The main event of the week is the Federal Reserve's rate decision on Wednesday. The world's most powerful central bank is set to leave its policy unchanged but could signal an upcoming shift. Some market participants speculate that the Fed would hint that it will lay out a plan for tapering down its bond buys in June when it releases new forecasts. That could boost the dollar.
Federal Reserve Vice-Chair Richard Clarida said that any such move would come at a meeting including fresh projections. Chair Jerome Powell vowed to communicate any tapering in an orderly and timely fashion. Will April's meeting be the time to send such a signal?
If the bank refrains from indicating its next move, investors, focus on the bank's messages on its two mandates – employment and inflation. On the labor front, Powell will likely insist that 8.4 million Americans are still out of work, thus necessitating more monetary support. But how will he react to the sharp drop in jobless claims? Optimism on employment could boost the dollar.
A similar dilemma faces the Fed when it comes to inflation. According to the recent publication, the Consumer Price Index remains tame, supporting the bank's stance that any upside bump is only "transitory." However, the global chip shortage could last for an extended period, and Procter &Gamble's decision to hike prices both pose questions about creeping inflation. Any shift from the current dismissal of price rises could send the dollar surging.
All in all, acknowledging the improving outlook and hints of action could boost the dollar while sticking to considerably accommodative policy would weigh on the greenback.
Here are the upcoming top US events this week:
GBP/USD technical analysis
Pound/dollar continues trading in the wide 1.3670 to 1.4010 range, as the daily chart shows. While momentum is to the upside in the past week, the pair slipped below the 50-day Simple Moving Average (SMA). Nevertheless, it remains above the 100-day and 200-day SMAs. Overall, bulls are in the lead, but it is narrowing.
Support awaits at 1.38, which capped the pair on its way up in mid-April. It is followed by 1.3775, a swing low from early March, and then by the double-bottom of 1.3670 mentioned earlier. Breaching that level would open the door to 1.3565.
Resistance awaits at 1.3880, where the 50-day SMA hits the price. The next cap is 1.3925, which held GBP/USD down earlier this month. The 1.4010 level is critical resistance, and the next noteworthy upside target is only 1.4140.
The last week of April is when America's economic boom – and fears of inflation – may spark the strongest reactions, potentially causing the dollar to storm the board. The Fed would need to work hard to deny greenback bulls their rally.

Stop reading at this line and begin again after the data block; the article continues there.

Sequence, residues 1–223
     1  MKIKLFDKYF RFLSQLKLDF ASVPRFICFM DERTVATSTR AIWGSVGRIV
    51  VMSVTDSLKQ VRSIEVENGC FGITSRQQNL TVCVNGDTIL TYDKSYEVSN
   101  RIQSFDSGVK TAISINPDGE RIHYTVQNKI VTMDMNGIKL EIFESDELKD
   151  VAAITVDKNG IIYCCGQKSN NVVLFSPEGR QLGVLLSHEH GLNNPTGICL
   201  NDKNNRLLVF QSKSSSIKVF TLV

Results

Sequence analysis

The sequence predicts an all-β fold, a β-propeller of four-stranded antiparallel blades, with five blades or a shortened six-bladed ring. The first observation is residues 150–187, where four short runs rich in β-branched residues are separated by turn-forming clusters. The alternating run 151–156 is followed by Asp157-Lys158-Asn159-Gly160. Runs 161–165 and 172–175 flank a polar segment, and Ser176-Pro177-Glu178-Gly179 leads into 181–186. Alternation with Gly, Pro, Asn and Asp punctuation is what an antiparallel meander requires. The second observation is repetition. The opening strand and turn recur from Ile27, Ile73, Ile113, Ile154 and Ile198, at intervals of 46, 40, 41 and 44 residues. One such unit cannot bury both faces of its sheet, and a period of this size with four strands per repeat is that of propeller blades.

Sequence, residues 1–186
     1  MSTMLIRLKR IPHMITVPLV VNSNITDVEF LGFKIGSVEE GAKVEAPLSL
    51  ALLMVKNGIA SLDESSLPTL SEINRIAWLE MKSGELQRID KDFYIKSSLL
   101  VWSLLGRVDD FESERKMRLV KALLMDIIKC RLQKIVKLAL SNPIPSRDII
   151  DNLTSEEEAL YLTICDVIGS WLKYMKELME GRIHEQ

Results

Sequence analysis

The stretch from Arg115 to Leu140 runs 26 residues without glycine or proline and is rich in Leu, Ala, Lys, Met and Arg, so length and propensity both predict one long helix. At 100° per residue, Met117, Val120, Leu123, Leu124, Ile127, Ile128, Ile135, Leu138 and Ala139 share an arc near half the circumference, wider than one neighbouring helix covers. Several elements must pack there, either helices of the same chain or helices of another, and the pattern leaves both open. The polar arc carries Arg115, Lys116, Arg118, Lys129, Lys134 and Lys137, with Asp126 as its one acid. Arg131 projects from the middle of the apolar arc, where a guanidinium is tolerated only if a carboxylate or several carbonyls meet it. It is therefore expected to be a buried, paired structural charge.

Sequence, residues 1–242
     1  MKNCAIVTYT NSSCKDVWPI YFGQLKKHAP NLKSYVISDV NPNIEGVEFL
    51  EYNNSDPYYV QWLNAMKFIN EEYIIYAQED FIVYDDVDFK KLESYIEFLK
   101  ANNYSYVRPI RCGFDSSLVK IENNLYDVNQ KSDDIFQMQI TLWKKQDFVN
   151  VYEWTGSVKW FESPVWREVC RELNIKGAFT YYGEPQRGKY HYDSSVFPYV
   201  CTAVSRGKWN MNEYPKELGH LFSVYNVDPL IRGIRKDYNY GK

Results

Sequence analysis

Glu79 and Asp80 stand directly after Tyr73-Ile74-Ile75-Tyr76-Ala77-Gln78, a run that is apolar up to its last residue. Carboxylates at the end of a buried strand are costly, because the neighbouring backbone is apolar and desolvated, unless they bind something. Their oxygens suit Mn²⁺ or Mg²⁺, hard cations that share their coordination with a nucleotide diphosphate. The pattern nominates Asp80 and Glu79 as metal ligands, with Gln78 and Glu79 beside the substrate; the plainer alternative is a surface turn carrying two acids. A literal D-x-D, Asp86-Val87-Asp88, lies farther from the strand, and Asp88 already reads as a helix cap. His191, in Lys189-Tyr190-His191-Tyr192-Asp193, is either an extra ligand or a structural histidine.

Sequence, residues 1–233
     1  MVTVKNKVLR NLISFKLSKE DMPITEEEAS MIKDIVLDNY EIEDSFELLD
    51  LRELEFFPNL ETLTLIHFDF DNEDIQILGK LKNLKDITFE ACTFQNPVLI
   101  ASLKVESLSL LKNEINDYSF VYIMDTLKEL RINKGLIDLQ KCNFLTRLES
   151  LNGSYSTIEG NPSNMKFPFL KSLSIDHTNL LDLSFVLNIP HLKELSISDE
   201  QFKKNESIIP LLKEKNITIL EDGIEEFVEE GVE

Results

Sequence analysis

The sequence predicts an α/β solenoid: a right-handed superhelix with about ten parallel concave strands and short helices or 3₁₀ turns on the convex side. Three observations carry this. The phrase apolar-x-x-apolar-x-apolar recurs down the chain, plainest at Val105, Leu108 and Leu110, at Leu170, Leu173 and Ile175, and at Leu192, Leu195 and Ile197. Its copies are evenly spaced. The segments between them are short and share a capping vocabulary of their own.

The FXStreet Forecast Poll shows that experts are bullish in the short term, are hesitant about the medium term, and bullish with a higher target later down the line. It seems that the narrower range-trading has convinced those surveyed that movements will likely be more limited going forward.
Information on these pages contains forward-looking statements that involve risks and uncertainties. Markets and instruments profiled on this page are for informational purposes only and should not in any way come across as a recommendation to buy or sell in these assets. You should do your own thorough research before making any investment decisions. FXStreet does not in any way guarantee that this information is free from mistakes, errors, or material misstatements. It also does not guarantee that this information is of a timely nature. Investing in Open Markets involves a great deal of risk, including the loss of all or a portion of your investment, as well as emotional distress. All risks, losses and costs associated with investing, including total loss of principal, are your responsibility. The views and opinions expressed in this article are those of the authors and do not necessarily reflect the official policy or position of FXStreet nor its advertisers. The author will not be held responsible for information that is found at the end of links posted on this page.
If not otherwise explicitly mentioned in the body of the article, at the time of writing, the author has no position in any stock mentioned in this article and no business relationship with any company mentioned. The author has not received compensation for writing this article, other than from FXStreet.
FXStreet and the author do not provide personalized recommendations. The author makes no representations as to the accuracy, completeness, or suitability of this information. FXStreet and the author will not be liable for any errors, omissions or any losses, injuries or damages arising from this information and its display or use. Errors and omissions excepted.
The author and FXStreet are not registered investment advisors and nothing in this article is intended to be investment advice.